It’s been a while since we released the 3-way Color Balance tool in Capture One 8.2, and to be honest, I am wondering how I ever coped without it! It finds its way quite often into daily adjustment of images, even if it is a small tweak here and there.
For some reason, which I have no explanation for, I am currently going through a phase of preferring more less contrast and less saturated images than I have before. No doubt I will revert to the opposite at some point, but for now I prefer subtlety to punch-in-the-face colors!
So, can the 3-way Color Balance tool still be used effectively in this situation? Of course, and I have discovered a couple of methods that work nicely.
Here is a picture of my son I shot a while ago. This is straight out of the camera, except for the square crop.
Pretty good on the-out-of-camera adjustments, in my opinion, but I always experiment with a couple of different adjustments to see if a different direction helps. I am not much of a Preset fan as quite often one Preset doesn’t lend itself well to a different image, and I can work pretty fast with the tools on hand.
Looking at the histogram, exposure seems about perfec,t so right now I am not going to mess with much in the Exposure tool, except to drop the saturation down quite a way to -30 points. I have found this is a good start point before going on to the Color Balance tool in many situations. It gives a subtle but still visible effect, which I really enjoy.
You could argue there is a little bit of clipping in the shadows, but as this is in the very deepest areas (just below the ear for example), it won’t achieve much to improve the end result by adjusting the Shadow slider in the HDR tool.
Now, the only thing this has achieved so far is to make everything look a bit dull (see below).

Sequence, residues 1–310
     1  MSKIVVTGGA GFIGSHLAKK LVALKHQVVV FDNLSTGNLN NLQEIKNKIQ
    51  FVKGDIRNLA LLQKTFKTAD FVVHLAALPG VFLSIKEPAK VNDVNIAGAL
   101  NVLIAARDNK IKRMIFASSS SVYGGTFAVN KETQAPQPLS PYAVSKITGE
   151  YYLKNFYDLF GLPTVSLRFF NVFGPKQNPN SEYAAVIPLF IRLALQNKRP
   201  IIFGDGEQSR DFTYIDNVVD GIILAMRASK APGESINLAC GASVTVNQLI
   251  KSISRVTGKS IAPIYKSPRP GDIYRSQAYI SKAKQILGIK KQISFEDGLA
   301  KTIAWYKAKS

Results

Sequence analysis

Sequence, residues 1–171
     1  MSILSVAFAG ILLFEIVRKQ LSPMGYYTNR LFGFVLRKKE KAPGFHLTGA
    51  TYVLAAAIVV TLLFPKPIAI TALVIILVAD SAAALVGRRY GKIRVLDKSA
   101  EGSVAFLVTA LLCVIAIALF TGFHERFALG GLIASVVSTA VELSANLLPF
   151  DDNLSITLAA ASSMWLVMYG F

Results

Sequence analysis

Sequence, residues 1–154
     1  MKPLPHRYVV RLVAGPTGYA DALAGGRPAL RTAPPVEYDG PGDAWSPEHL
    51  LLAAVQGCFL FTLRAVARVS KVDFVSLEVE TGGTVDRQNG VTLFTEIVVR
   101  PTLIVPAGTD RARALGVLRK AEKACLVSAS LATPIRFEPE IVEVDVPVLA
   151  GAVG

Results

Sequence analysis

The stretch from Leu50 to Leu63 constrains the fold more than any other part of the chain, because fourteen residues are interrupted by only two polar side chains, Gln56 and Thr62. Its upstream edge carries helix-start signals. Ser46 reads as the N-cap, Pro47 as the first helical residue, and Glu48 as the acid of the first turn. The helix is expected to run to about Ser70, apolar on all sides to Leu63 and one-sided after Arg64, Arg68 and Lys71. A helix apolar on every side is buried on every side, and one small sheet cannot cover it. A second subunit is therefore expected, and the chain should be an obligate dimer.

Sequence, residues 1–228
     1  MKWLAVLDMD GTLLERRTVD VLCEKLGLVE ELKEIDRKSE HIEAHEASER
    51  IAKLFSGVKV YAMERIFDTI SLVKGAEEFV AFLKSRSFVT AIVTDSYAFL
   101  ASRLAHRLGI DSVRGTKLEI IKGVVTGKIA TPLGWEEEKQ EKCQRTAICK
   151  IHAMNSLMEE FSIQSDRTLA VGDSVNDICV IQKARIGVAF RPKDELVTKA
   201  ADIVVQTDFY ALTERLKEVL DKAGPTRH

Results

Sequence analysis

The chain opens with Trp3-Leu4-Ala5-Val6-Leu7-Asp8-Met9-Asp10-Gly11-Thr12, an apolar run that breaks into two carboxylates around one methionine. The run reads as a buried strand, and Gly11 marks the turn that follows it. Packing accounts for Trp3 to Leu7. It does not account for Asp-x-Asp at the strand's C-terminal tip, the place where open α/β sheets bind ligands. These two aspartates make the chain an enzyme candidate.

Next step is to then to move to the 3-way Color Balance tool and see what we can do here. I haven’t done much but it is enough to cool the shadows (which I like) and add a bit of warmth back into the midtones so the skin tone is improved. Remember, the further you move the selection towards the edge of the circle, the greater the saturation. I have also played around with the lightness of each of the tones by pulling the right-hand slider up a little in each case.
If you want more fine control in the 3-way Color Balance tool, don’t forget you can drag it out of the tool tab and enlarge it, like I have done above. Can we do anything else? Sometimes I go back to the Levels tool and play around with the midtone slider to see if I prefer a lower contrast effect (which I did in this case) and nine times out of ten apply some kind of positive or negative vignette.
The last thing to do is some minor spotting work. I really must remember to clean his face before taking a picture.
Don’t forget that even in a Black and White image the Color Balance tool is useful. The Lightness sliders will still come into play and even changing the saturation of a given color selection has an effect.
Here are just four examples from one image:
There is no harm in trial and experimentation! After all, the end result is the key.
Finally, here is another example. I have put the tools used on the left-hand side so you can see the process. The Local Adjustments are simply selective areas to lighten and darken the image where I see fit.
If you want more in-depth instruction on the 3-way Color Balance tool, don’t forget to visit the earlier blog posts on that subject: